The book offers a survey of the developments in research on face management in Far East cultures and in the West. The author then presents a composite model of face management for analysing face interactions in selected Chinese and English film sequences as well as its representation in the corresponding subtitles. Support for the research is provided by audience response experiments conducted with six Chinese and six British subjects, using one-on-one interviews. The audience responses show that viewers who rely on subtitles gain a significantly different impression of the interlocutors’ personality, attitude and intentions than those of native audiences. The results also demonstrate that the nature of the power relations between interlocutors changes from the original to the subtitled version.
List of Tables and Figures ix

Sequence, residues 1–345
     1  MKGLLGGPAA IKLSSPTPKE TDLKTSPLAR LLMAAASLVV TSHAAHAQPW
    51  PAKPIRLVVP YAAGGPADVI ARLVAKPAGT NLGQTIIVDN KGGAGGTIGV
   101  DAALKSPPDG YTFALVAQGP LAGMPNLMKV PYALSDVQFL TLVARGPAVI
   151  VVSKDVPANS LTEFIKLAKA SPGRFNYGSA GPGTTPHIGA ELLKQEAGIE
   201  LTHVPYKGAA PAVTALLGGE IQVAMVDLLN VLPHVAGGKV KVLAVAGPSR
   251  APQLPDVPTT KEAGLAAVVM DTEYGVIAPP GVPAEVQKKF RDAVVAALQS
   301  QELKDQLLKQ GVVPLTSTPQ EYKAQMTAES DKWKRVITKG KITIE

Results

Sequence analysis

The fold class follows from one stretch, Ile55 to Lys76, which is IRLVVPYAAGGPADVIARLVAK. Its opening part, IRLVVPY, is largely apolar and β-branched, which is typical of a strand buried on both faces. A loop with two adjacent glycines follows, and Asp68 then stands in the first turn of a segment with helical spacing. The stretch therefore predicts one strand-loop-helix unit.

List of Tables and Figures Tables Table 1 Structure of Pragmatic Competence 8 Table 2 Positive Politeness Strategies 12–13 Table 3 Negative Politeness Strategies 14 Table 4 Of f-record Strategies 15 Table 5 Schwartz’s (1992) Value Constructs and Their Structured Relationship 32 Table 6 Schwartz et al.’s (2001) Value Constructs and Their Associated Qualities 33 Table 7 Composite Model of Face Management (CMFM) 77 Table 8 Example of the Transcription of an English Sequence with Chinese Subtitles 88 Table 9 Example of the Transcription of a Chinese Sequence with English Subtitles 89 Figures Figure 1 Illustration of the Face Notion in the Composite Model of Face Management (CMFM) 71
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